by CHRIS WINSLOW
This fall has been extremely dry. November was the driest in more than 100 years, and our first real freeze – on Dec.10 – came almost 30 days late.
What can we do to help our landscapes, trees and gardens get through this winter drought intact?
One of the best ways is to use generous amounts of mulch. A layer of it around your landscape and garden plants will slow down water loss due to evaporation.
Mulch also protects the roots from extreme temperatures. Roots stay warmer when it’s cold, and cooler when the summer heat arrives. Three to four inches of mulch can save gallons of water.
Deep, infrequent watering will also encourage roots to grow deeper into the soil. The deeper the roots, the greater the water reservoir the plant has to draw from. Buffalo and other native grasses have roots as deep as six feet, allowing them to survive a drought.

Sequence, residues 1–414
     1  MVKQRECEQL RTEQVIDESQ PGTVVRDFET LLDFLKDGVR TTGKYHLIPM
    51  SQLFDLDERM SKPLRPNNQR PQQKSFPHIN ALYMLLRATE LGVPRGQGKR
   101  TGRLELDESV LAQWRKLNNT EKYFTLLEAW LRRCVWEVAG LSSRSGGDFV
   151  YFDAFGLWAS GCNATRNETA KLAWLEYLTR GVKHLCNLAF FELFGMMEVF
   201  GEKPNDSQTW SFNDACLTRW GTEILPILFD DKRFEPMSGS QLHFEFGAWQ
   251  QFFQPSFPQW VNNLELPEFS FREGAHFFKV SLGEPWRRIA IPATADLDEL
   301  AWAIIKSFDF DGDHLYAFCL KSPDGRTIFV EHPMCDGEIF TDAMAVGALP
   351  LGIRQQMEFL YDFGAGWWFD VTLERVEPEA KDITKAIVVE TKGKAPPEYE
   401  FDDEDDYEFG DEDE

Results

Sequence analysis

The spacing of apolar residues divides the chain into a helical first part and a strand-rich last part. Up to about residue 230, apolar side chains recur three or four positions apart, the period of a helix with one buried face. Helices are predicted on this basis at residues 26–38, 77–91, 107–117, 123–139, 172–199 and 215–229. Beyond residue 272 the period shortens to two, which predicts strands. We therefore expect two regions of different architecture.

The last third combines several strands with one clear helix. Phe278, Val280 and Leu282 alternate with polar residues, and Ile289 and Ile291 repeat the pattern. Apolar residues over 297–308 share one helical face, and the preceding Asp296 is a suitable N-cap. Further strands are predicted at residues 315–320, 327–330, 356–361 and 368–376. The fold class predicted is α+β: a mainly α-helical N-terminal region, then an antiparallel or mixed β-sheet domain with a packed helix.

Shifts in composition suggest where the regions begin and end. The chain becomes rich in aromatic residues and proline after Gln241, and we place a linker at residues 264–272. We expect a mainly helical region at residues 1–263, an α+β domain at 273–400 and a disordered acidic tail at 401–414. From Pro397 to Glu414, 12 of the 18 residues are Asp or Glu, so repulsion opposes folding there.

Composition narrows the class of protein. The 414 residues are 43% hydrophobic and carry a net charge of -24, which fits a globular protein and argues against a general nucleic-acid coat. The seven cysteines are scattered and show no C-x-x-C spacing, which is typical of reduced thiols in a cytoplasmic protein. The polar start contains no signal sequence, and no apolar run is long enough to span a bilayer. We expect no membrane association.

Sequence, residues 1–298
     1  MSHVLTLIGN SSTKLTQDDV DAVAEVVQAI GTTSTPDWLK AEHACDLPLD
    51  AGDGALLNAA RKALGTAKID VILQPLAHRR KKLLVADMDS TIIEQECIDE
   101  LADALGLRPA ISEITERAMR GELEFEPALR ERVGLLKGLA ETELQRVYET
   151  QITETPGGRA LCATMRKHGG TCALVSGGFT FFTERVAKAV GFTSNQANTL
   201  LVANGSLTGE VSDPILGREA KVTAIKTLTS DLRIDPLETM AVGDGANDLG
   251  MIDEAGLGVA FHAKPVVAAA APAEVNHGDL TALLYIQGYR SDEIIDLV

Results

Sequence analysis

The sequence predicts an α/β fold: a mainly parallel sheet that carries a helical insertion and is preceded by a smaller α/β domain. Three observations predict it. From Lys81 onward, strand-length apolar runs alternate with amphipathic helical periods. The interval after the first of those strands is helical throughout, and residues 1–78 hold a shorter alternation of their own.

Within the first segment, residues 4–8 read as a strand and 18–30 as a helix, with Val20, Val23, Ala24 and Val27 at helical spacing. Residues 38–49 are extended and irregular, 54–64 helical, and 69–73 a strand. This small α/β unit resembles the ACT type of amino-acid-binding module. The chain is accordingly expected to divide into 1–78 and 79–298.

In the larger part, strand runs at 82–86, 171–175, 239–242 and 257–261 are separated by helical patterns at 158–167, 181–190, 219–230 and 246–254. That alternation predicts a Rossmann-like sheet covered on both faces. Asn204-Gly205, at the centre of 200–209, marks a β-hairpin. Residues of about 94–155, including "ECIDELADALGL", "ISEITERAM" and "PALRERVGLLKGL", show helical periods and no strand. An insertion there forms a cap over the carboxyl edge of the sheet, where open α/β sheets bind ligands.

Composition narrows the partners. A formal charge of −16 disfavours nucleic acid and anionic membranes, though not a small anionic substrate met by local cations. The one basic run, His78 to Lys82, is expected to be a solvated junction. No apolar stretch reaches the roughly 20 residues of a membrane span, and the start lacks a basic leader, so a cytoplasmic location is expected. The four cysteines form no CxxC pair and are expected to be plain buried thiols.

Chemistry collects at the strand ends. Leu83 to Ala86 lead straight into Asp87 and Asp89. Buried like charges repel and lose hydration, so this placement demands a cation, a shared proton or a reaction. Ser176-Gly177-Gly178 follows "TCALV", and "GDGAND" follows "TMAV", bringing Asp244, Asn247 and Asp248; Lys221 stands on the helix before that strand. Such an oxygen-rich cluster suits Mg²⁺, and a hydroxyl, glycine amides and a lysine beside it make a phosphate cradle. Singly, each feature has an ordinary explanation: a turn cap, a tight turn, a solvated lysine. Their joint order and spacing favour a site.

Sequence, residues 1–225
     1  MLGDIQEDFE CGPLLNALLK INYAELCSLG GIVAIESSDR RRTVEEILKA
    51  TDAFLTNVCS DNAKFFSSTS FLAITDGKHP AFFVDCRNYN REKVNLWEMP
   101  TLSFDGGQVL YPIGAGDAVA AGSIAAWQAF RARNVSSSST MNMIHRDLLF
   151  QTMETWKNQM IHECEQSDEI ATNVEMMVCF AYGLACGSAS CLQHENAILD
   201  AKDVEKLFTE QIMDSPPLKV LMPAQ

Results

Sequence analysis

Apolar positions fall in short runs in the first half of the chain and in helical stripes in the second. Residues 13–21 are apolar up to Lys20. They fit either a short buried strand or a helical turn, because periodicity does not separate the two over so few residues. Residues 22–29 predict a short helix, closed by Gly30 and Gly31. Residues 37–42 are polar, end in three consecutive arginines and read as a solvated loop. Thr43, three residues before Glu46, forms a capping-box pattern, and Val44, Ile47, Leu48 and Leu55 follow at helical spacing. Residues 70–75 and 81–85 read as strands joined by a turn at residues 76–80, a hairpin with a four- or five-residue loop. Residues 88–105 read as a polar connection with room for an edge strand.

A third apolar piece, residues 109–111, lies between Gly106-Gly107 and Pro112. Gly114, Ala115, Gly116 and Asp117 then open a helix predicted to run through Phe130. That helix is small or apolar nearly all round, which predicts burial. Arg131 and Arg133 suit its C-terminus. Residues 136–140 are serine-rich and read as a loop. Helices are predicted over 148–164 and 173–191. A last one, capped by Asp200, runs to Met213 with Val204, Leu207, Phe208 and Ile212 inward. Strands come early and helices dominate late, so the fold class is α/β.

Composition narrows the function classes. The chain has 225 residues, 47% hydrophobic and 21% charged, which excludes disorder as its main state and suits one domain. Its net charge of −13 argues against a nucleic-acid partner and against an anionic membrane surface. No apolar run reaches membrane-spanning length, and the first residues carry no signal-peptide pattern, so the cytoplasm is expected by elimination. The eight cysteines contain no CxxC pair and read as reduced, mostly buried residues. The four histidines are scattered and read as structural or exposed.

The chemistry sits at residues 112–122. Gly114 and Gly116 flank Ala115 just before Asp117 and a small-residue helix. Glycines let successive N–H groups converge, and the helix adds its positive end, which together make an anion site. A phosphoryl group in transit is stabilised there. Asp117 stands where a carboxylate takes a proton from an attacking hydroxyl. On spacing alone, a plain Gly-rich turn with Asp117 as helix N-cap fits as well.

Drip irrigation is another way to get the most from your watering. Traditionally, drip irrigation is located below the mulch and provides water directly to the root zone, limiting water loss due to evaporation.
Finally, at my nursery we constantly promote native and adaptive species that naturally suit our often-arid climate. Lots of area nurseries stock an excellent booklet called “Native and Adapted Landscape Plants – an Earthwise Guide for Central Texas.” This is the place where you will find a complete list of xeriscape plants for our region. This City of Austin publication is invaluable… and free.
Let’s hope and pray for rain and a return to wetter conditions soon. And please water your trees. That’s what they’re asking Santa for for Christmas!
Happy gardening everyone!
If you have a gardening question, send it to me via email: firstname.lastname@example.org. (Please put ‘Ask Chris Winslow’ in the subject line.) Or mail your letter or postcard to: Ask Chris Winslow. It’s About Thyme: 11726 Manchaca Rd., Austin, TX 78748